Booster shots lose prevalence as COVID-19 worries diminish on SU campus
COVID-19 worries diminish on SU campus
Since mask restrictions have been lifted at Syracuse University, COVID-19 has been at the back of many students’ minds. The threat of the virus is seen by many to pose little to no danger to their health or that of their peers, even with data showing the new Omicron variant continuing to be prevalent in the U.S.
In the U.S, the daily average of COVID-19 cases sits at nearly 55,000, while New York state alone accounts for over 5,000 of those. To help decrease the steady number of cases, the FDA officially cleared the next set of booster shots from Moderna and Pfizer at the end of August, yet many Americans, especially those who are college age, are not concerned with COVID-19 or the new Omicron booster shot.
SU requires all students and faculty to have obtained both vaccines and the first booster shot, barring any special medical exemptions. Nonetheless, COVID-19 cases still frequently pop up around campus.
On the week of September 19, 34 active cases were reported as ongoing by the university, though the true number is likely much higher due to the removal of testing centers on campus and overall lax student opinion on self-testing for the virus. Though self-tests only cost one dollar at vending machines across campus, SU students generally aren’t the best at being proactive in ensuring they don’t spread COVID-19.
Rahill Jaiswal, a freshman broadcast and digital journalism student, said he only tests himself when he has been exposed to the virus.
“When I’m around people who have tested positive for COVID-19. Yes [I do self-test]”, Jaiswal said.
While it may be easy to criticize others for not taking a more pragmatic approach to preventing the spread of COVID-19, it is important to note that most other SU students share the same relaxed viewpoint on self-testing.
There are many factors in determining whether or not a student feels the need to self-test, and a popular reason is due to the fact that many SU students believe contracting the virus will not affect their health in both the short and long term.
“I had it once and survived. If I get it again, it’s gonna suck, but I’m gonna get through it,” said Maxwell student Jacob Wolfson when asked if he feels COVID-19 is a threat to his personal health.
The disregard of COVID-19 as a health risk may be irresponsible in any other setting, but the majority of people at Syracuse are 18 to 22 and have relatively good health; a point almost everyone interviewed touched upon.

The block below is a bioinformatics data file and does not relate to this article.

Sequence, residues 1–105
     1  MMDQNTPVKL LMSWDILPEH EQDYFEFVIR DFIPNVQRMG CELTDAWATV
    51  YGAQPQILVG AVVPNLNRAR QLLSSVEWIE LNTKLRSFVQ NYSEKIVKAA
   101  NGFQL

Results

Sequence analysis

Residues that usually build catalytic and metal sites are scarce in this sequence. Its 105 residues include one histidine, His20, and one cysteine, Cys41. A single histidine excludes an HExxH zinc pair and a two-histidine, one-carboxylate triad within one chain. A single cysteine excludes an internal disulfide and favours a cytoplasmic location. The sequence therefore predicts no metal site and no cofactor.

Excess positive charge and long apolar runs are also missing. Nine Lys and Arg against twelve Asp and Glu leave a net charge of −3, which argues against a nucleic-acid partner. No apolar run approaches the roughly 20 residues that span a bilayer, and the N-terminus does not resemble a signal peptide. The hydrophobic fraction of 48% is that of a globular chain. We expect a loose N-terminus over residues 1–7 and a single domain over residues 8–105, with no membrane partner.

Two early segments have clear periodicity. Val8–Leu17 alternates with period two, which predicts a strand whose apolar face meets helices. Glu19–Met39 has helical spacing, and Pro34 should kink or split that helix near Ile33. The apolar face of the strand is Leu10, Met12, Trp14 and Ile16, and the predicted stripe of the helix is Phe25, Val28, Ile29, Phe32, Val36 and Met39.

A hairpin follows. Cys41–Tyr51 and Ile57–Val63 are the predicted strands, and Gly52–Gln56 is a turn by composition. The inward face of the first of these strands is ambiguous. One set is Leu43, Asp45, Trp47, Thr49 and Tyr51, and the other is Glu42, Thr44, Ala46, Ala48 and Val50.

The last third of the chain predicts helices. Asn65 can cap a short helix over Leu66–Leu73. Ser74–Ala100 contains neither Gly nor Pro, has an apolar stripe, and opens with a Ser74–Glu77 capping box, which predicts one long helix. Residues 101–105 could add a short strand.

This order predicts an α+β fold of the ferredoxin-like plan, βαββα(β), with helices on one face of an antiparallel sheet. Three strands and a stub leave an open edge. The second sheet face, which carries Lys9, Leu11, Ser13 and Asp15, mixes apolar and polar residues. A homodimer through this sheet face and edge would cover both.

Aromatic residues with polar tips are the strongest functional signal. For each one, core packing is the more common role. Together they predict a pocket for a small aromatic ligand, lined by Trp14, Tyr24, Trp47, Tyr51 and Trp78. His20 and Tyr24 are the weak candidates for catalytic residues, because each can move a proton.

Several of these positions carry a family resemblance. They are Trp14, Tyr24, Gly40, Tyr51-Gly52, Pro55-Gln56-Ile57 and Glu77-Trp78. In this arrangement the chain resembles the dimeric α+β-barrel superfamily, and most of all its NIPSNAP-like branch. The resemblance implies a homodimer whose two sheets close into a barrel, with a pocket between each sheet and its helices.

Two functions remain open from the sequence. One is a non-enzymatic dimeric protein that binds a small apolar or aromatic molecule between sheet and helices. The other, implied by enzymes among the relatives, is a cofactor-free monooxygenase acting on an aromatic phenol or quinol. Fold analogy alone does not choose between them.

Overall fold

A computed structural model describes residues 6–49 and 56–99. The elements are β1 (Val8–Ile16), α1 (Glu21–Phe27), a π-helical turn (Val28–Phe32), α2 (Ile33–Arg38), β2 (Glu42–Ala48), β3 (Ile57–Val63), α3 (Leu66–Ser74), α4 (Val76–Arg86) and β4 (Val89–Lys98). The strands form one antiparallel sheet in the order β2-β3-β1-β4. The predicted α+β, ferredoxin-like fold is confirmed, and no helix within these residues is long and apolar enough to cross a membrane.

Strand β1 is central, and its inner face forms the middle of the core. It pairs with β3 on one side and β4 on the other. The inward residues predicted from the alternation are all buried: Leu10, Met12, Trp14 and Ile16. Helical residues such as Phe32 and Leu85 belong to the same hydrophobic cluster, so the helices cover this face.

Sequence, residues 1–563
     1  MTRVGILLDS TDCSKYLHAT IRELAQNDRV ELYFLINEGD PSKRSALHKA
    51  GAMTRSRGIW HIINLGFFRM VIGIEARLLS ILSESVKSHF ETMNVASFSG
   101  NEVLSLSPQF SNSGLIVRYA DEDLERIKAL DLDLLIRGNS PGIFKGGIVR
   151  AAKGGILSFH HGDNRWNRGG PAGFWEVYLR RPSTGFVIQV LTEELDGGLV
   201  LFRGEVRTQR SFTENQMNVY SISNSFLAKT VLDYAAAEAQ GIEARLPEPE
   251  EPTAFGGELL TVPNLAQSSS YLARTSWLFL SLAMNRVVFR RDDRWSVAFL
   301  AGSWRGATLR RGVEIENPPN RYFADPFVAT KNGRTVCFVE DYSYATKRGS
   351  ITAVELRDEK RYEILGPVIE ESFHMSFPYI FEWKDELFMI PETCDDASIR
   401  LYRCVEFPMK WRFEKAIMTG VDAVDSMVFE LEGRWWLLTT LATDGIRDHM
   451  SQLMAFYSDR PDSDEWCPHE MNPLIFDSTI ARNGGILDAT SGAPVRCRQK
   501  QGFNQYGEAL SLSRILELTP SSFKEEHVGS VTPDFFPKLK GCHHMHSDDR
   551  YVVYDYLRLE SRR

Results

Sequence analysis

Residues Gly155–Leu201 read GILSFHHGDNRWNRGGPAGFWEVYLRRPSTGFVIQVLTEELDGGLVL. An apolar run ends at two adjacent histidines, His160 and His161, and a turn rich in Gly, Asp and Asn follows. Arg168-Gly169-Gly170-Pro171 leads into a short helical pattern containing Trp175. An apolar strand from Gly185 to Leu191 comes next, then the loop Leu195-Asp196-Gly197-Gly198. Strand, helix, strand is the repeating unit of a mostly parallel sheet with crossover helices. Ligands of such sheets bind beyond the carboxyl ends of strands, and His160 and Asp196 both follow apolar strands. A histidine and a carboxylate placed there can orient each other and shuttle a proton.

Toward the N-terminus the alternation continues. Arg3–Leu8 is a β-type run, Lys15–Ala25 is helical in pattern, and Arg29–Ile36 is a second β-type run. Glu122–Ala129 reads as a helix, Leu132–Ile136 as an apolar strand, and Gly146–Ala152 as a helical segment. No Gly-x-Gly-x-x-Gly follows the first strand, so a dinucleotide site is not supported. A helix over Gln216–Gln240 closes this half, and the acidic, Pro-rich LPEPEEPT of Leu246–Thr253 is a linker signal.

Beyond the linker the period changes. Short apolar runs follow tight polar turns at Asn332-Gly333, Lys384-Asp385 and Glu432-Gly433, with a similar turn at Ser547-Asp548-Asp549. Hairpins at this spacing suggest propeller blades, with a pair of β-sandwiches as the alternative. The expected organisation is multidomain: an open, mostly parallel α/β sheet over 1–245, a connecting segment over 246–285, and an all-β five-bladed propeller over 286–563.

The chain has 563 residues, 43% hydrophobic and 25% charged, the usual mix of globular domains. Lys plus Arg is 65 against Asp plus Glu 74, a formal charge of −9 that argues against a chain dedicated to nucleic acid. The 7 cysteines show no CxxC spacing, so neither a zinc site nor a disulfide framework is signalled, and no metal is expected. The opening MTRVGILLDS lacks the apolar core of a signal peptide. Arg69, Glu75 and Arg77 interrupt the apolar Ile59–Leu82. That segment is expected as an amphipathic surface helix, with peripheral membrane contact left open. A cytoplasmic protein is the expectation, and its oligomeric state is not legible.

On top of being vaccinated and receiving the first booster shot, most students are open to receiving the newly-cleared booster, and acknowledge that certain students and faculty are immunocompromised.
Grad student Ryan MaGuire said he does not know when he is going to get the newest booster shot, but seemed receptive to receiving it.
“I have not scheduled a booster shot, but I’m definitely considering it after doing my research and knowing that the numbers have gone up,” MaGuire said.
MaGuire said that many of his COVID-19-related decisions, such as when he will get the next booster and if he will wear a mask in the future, will be based on the number of COVID-19 related cases and hospitalizations.
While many SU students such as MaGuire will determine when they get the new booster based on the severity of the virus, others are leaving it up to the university’s public health policies.
“If the university requires me to get it, I’ll get it,” said sophomore Patrick Chambers.
Chambers said that because the world is out of the peak stages of the pandemic, he does not feel the immediate need to get the new booster shot. Chambers believes that those who feel at risk of COVID-19 have the resources available to protect themselves, he said.
As has been the case for two and a half years, opinions on COVID-19 and vaccines differ from person to person. At SU, the overall consensus surrounding the new booster shot and COVID-19 as a whole is very laid back. Students don’t feel the need to go to great lengths to avoid COVID-19, and merely want to take the virus as it comes, instead of going out of their way to adhere to the guidelines that have governed their lives for years.